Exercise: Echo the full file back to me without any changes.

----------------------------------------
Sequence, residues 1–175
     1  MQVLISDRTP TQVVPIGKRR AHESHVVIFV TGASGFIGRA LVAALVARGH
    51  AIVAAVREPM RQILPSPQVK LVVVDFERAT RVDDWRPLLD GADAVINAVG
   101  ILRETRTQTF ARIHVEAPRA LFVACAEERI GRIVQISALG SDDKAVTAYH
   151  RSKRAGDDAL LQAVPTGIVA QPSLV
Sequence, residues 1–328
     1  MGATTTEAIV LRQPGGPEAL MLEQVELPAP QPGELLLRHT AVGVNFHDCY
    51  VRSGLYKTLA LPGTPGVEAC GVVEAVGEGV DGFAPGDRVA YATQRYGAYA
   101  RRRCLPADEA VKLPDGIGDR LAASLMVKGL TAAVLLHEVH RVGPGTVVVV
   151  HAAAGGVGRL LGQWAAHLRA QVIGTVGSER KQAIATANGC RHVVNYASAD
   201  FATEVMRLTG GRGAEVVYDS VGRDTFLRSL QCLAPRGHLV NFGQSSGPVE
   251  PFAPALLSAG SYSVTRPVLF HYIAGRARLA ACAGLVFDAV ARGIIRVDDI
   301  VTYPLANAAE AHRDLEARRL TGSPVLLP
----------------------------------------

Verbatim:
Sequence, residues 1–175
     1  MQVLISDRTP TQVVPIGKRR AHESHVVIFV TGASGFIGRA LVAALVARGH
    51  AIVAAVREPM RQILPSPQVK LVVVDFERAT RVDDWRPLLD GADAVINAVG
   101  ILRETRTQTF ARIHVEAPRA LFVACAEERI GRIVQISALG SDDKAVTAYH
   151  RSKRAGDDAL LQAVPTGIVA QPSLV
Sequence, residues 1–328
     1  MGATTTEAIV LRQPGGPEAL MLEQVELPAP QPGELLLRHT AVGVNFHDCY
    51  VRSGLYKTLA LPGTPGVEAC GVVEAVGEGV DGFAPGDRVA YATQRYGAYA
   101  RRRCLPADEA VKLPDGIGDR LAASLMVKGL TAAVLLHEVH RVGPGTVVVV
   151  HAAAGGVGRL LGQWAAHLRA QVIGTVGSER KQAIATANGC RHVVNYASAD
   201  FATEVMRLTG GRGAEVVYDS VGRDTFLRSL QCLAPRGHLV NFGQSSGPVE
   251  PFAPALLSAG SYSVTRPVLF HYIAGRARLA ACAGLVFDAV ARGIIRVDDI
   301  VTYPLANAAE AHRDLEARRL TGSPVLLP